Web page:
European countries' stance on the Venezuelan crisis

Published 04.02.2019 23:24
Updated 06.02.2019 00:09
Supporters of Venezuelan President Nicolas Maduro gather to mark the 20th anniversary of the rise of power of the late Hugo Chavez, Caracas, Feb. 2, 2019.
Supporters of Venezuelan President Nicolas Maduro gather to mark the 20th anniversary of the rise of power of the late Hugo Chavez, Caracas, Feb. 2, 2019.

Nothing seems to be working in the EU like it used to. The latest crisis over the legitimacy of President Nicolas Maduro in Venezuela is a blatant example. Following the controversial move of U.S. President Donald Trump to recognize Juan Guaido as the legitimate president of Venezuela, European Union countries have gathered to establish a "common position."

This is how the EU usually works regarding external affairs. Formerly called the Common Foreign and Security Policy, the external relations guideline remains chiefly an intergovernmental cooperation within the EU. Obviously, to please all member states – 28, soon to become 27 – common positions are most of the time superficial declarations of consensus, accepted by all member state governments.

The situation in Venezuela created deep divisions between different governments of the EU. Some countries, such as Greece, resolutely opposed the condemnation of the Maduro presidency and its removal. A large majority of the governments accepted a declaration that condemned Maduro's new presidential system, without recognizing Guaido. At the end of the day, six leading countries of the EU, namely Germany, France, the United Kingdom, Spain, Portugal and the Netherlands, have opted for a joint ultimatum for Maduro: either organize presidential elections in eight days or face Guaido's recognition as the legitimate president.

Austria recently declared that it would follow and support the decision of these six EU countries; whereas, the rest of the bloc remains at best reluctant to opt for such a blunt position. Giuseppe Conte's Italy declared that it would not be opportune to recognize Guaido's presidency since it had not been validated by a democratic electoral process.

EU six have been accused of lining up with Trump's position too quickly. That is partly true, as so far Canada and the Lima Group countries, namely Argentina, Brazil, Chile, Colombia, Costa Rica, Guatemala, Guyana, Honduras, Panama, Paraguay, Peru and Saint Lucia, have already joined the condemnation of Maduro's regime. It is also true that the EU has refused to accept the legitimacy of Maduro's last presidential election, which can hardly be seen as democratic and participative. Back then, the opposition was prevented from offering a common candidate, and the election date was changed to a much earlier day, which prevented the primary caucuses for the opposition. In retaliation, the opposition refused to participate in the elections, which saw two candidates in contention: Maduro and a former Chavist-turned opponent, Henry Falcon. The participation rate was only 46 percent, and Maduro received 68 percent of the votes. It is a bit meagre to be accepted as a democratic landslide victory.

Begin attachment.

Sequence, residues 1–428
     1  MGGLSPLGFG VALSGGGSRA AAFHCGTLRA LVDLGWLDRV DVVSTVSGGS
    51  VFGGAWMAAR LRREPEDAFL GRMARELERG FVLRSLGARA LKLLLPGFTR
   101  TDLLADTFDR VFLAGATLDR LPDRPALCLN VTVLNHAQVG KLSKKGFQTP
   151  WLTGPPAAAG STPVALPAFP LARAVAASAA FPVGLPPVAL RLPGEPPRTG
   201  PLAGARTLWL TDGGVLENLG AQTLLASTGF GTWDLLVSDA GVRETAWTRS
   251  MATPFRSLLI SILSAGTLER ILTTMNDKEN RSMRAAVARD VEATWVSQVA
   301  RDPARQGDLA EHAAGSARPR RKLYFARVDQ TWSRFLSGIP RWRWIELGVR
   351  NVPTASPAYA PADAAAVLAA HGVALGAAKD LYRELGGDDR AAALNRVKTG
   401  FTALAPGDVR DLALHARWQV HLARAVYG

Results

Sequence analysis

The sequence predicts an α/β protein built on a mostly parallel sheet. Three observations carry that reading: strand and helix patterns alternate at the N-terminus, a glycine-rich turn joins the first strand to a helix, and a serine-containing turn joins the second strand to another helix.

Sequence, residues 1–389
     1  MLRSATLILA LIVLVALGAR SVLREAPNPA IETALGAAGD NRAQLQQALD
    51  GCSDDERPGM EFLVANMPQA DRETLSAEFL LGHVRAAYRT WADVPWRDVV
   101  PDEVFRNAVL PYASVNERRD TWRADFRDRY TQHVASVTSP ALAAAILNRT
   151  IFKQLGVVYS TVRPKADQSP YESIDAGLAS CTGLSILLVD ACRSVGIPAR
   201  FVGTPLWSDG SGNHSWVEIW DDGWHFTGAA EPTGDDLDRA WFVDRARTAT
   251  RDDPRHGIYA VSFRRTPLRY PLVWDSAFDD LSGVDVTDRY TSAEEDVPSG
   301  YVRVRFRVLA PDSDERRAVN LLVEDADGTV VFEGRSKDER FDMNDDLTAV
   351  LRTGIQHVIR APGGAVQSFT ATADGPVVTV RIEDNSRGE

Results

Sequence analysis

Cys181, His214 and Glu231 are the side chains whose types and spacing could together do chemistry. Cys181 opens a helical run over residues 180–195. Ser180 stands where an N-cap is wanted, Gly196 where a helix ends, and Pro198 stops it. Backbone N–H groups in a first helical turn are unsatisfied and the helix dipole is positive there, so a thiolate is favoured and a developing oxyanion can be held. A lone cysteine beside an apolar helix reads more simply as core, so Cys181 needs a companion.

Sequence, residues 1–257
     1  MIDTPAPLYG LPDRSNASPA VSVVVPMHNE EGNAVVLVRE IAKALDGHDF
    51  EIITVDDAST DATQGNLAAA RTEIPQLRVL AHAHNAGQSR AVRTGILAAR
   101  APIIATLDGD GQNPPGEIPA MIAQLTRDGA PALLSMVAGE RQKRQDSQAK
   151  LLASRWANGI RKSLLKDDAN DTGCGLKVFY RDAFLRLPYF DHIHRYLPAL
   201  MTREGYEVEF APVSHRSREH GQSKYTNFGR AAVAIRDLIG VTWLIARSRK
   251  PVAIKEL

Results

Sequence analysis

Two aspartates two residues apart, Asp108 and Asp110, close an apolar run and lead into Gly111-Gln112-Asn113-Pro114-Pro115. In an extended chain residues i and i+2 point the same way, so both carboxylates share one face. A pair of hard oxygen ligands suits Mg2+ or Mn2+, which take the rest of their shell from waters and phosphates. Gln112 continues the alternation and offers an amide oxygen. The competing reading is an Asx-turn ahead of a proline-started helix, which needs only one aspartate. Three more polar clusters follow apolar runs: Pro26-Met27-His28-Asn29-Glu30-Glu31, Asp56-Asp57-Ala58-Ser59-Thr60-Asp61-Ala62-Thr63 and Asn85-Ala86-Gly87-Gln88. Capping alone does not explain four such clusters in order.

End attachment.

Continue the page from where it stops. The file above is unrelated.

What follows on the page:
On the other hand, Guaido is a newcomer, as the president of the National Assembly, relatively young, has had the courage to organize a public meeting in central Caracas, to defy the regime and to herald himself as the legitimate president by interim. In a city where almost everyone possesses a firearm, Guaido's deed has been impressive for the public opinion. However, there is more. There are 2,000 people leaving Venezuela daily in search of jobs and livelihoods. The economy has been totally devastated due to the absence of prevision of the government, and a formerly wealthy country is now at bay. Venezuelan problems will not be solved by fabricating dubious presidential elections.

Another fact is that nobody believes that Donald Trump's America could bring "democracy" to a foreign country. The world has seen that before, and the terrible consequences of such "democracy exportation" speak for themselves. The Middle East has been utterly devastated; central and Latin American countries' history is full of illegitimate coups fomented by the CIA. In the words of former U.S. Secretary of State Condoleezza Rice, the U.S. has always preferred "stability" to "democracy" in a bipolar world. In the end, both stability and democracy were lost.

Today, nobody will buy Trump's "democratic motivations" for Venezuela. Since Chavez, Venezuela has had a long tradition of demonizing the neo-con administrations in the U.S. As a reaction, Venezuela has become almost a "new Cuba" for the American right-wing. Maduro is still supported by China, Russia, Cuba, Mexico and Turkey. Greece and Turkey share their refusal to see Maduro ousted by foreign pressure. Their support has important political weight but nothing more. On the other hand, China, Mexico, Cuba and to some degree, Russia do play a very important economic roles for Venezuela. Without their support, Maduro would be lost. Therefore, the situation is very intricate, with every analyst concurring that the Venezuelan Army will have the last word. It was a very bad idea, on the part of the six EU countries, to align themselves with Trump by overlooking the EU solidarity and thinking that an ultimatum – bluntly rejected by Maduro – could help solve the existing problems.

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